Police are still looking for the men who they said threatened a youth football league coach with a gun and then began beating him after a dispute over playing time. The coach’s wife pulled out a gun and fired it in the air to scare the men away.
The incident occurred at about 7:45 p.m. Monday at Linwood Park in south Wichita, Lt. James Espinoza said.
The Wichita Tigers, who are part of the Greater Wichita Junior Football League, were practicing at Linwood Park when the mother of a former player confronted the coach over her son not being allowed to play in the season opener on last Saturday, said Jeremy Burris, director of the Tigers football program.
Burris would not say how old the player is. The league has teams for each age group between second and eighth grades.
The player was with the Tigers for about one week last season before he was removed from the team for what Burris called “a character issue.”
Family members played loud music and cursed loudly during practices and were a disruptive presence, he said.
The league’s code of conduct stipulates teams can be removed from the league for repeated occurrences of behavior such as misconduct at games. The code of conduct also sets out expected behavior for parents, coaches, players and spectators.
The player in question has recently played for three different teams in the league.
He played with the Tigers for one week last season, joined Saints for the rest of the 2013 season and then joined the Cowboys for the 2014 season, Burris said. But the boy was not allowed to play last Saturday because he had not turned in his football equipment to the Saints after last season ended.
“It’s kind of a mutual understanding between teams,” said Jerome Crawford, director of the Wichita Titans, who practice at Planeview Park. “The only way to maintain our stuff (equipment) is to not allow them to play for another team until we get our stuff back.”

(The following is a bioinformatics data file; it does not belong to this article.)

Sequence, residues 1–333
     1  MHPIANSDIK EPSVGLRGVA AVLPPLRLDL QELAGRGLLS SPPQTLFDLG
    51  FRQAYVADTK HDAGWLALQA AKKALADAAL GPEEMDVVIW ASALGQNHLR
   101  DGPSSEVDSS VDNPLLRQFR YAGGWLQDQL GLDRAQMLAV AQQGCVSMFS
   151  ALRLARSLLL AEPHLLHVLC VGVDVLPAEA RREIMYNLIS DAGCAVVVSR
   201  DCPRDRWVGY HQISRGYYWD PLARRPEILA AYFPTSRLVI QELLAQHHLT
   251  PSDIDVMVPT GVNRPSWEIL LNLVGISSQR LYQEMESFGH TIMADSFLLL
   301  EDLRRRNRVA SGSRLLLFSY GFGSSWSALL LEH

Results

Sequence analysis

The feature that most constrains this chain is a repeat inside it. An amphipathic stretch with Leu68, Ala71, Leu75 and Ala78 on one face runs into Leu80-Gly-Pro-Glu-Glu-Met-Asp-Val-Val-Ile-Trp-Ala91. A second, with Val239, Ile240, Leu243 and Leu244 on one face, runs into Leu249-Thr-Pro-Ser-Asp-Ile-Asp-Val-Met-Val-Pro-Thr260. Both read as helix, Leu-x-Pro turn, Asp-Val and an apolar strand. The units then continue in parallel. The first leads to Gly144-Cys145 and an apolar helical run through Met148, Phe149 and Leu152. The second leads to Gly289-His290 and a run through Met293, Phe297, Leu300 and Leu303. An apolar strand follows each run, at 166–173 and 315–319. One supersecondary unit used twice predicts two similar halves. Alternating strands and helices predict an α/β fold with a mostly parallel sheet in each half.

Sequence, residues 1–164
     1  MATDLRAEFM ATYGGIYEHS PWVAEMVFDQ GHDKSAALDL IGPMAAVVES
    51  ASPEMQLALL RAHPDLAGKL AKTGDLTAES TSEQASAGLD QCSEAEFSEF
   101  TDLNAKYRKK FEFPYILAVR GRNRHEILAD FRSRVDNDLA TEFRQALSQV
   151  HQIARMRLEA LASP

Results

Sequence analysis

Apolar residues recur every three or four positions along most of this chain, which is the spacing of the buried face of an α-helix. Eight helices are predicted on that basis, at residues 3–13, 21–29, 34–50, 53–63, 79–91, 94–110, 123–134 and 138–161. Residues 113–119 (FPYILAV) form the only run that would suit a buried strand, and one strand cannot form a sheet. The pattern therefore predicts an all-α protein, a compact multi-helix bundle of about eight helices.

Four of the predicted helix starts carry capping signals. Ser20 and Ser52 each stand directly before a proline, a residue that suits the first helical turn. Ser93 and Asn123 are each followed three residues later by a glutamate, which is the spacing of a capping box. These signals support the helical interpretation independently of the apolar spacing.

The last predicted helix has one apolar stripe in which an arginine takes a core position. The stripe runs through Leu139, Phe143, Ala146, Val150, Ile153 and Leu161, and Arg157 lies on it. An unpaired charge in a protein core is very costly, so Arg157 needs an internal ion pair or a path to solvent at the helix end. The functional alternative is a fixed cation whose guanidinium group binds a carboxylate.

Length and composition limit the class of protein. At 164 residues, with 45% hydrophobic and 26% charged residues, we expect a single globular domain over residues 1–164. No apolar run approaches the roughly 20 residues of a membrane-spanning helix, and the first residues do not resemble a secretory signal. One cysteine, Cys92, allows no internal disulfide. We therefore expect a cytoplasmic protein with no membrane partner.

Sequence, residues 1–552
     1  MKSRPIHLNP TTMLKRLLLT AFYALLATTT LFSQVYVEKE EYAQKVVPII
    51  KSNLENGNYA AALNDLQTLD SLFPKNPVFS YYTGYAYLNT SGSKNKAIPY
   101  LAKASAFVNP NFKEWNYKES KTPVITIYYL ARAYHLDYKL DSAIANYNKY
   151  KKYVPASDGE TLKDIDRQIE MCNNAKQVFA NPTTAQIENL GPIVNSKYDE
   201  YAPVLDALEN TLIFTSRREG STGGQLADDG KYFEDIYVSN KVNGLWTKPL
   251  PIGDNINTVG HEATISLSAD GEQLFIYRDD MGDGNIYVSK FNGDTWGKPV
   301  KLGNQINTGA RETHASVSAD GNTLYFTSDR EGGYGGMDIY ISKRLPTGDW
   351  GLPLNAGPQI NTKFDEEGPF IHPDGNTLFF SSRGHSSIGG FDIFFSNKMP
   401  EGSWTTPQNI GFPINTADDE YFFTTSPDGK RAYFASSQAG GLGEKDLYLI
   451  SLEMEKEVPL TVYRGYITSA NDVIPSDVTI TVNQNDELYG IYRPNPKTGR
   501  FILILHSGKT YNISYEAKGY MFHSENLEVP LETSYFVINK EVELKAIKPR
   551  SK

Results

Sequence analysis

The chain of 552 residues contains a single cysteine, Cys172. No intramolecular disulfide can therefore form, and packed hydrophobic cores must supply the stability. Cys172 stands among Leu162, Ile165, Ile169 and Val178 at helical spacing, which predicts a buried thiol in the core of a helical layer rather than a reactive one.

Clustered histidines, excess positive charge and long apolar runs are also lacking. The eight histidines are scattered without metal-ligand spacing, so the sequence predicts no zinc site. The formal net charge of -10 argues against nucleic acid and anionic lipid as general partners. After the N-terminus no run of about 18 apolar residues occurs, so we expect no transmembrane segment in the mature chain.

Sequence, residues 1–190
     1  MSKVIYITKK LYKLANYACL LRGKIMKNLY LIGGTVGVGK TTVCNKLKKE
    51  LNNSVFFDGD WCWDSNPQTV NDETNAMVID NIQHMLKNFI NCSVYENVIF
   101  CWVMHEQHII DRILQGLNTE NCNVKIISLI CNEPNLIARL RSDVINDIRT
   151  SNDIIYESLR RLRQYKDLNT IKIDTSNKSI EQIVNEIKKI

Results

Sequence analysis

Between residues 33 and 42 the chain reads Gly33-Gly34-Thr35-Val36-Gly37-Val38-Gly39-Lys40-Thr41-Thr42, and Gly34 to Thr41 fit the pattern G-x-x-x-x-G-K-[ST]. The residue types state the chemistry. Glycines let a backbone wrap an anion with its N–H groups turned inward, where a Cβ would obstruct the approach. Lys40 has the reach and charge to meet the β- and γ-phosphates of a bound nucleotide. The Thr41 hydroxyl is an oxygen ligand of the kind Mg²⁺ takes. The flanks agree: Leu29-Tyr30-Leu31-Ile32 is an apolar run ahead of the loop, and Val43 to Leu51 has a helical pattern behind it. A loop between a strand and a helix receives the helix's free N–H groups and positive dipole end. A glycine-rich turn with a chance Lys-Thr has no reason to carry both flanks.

Because the Cowboys were playing the Tigers on Saturday, Burris said, the woman thought “we were the ones that made her kid not play. We had nothing to do with it.”
The woman came to the park Monday night and began yelling at the coach, prompting the “team mom” to step in and urge her to calm down, Burris said.
The woman left and police were called to the park. They interviewed witnesses and left.
About 20 minutes after the police left, Burris said, a group of men walked up to the field in the park at 1901 S. Kansas and asked which coach had talked to their relative. When they found out, they confronted him.
One of the men lifted his shirt to display a handgun tucked into the waist of his pants, Espinoza said. Moments later, five or six other men began beating up the 37-year-old coach. One of the men used a set of brass knuckles, Espinoza said.
Seeing the attack, the coach’s wife pulled out a gun and fired a warning shot into the air, Burris said.
The coach broke free of his attackers and went to his car for a second gun, which he pointed at various people in the crowd, Espinoza said.
The attackers had all fled the park by the time officers arrived, Espinoza said. The guns used by the coach and his wife were confiscated as evidence. No arrests have been made.
“It’s upsetting to even hear a story like this,” said Espinoza, who is a youth league football coach himself. “It just sets a terrible example of coaching and parenting.”
He encouraged anyone who recorded video of the disturbance to contact investigators at 316-268-4646.
The coach who was involved in the clash and pulled out a gun after being attacked has been relieved of his coaching duties, Burris said. His wife was also dismissed from involvement with the team.
“He’s been a great role model” for kids, Burris said of the coach, who has been with the Tigers for a few years and worked in the league for at least 15 years. “He’s really helped.”
Despite that background, Burris said, “you can’t take weapons out around children.”
Both the coach and his wife have concealed-carry permits for their weapons, he said.
League officials declined to comment on the incident, citing the ongoing police investigation.
“Nothing like this has ever happened in this organization,” said Burris, who said he has been affiliated with the Tigers for 20 years. “We pride ourselves on zero tolerance for anything that goes on.”
That’s why they released the boy from the team last year and why they dismissed the coach following the altercation Monday night, he said.
Burris and Crawford both said they planned to meet with parents of players to talk about what happened Monday night.
“We’re supposed to be good role models,” Crawford said.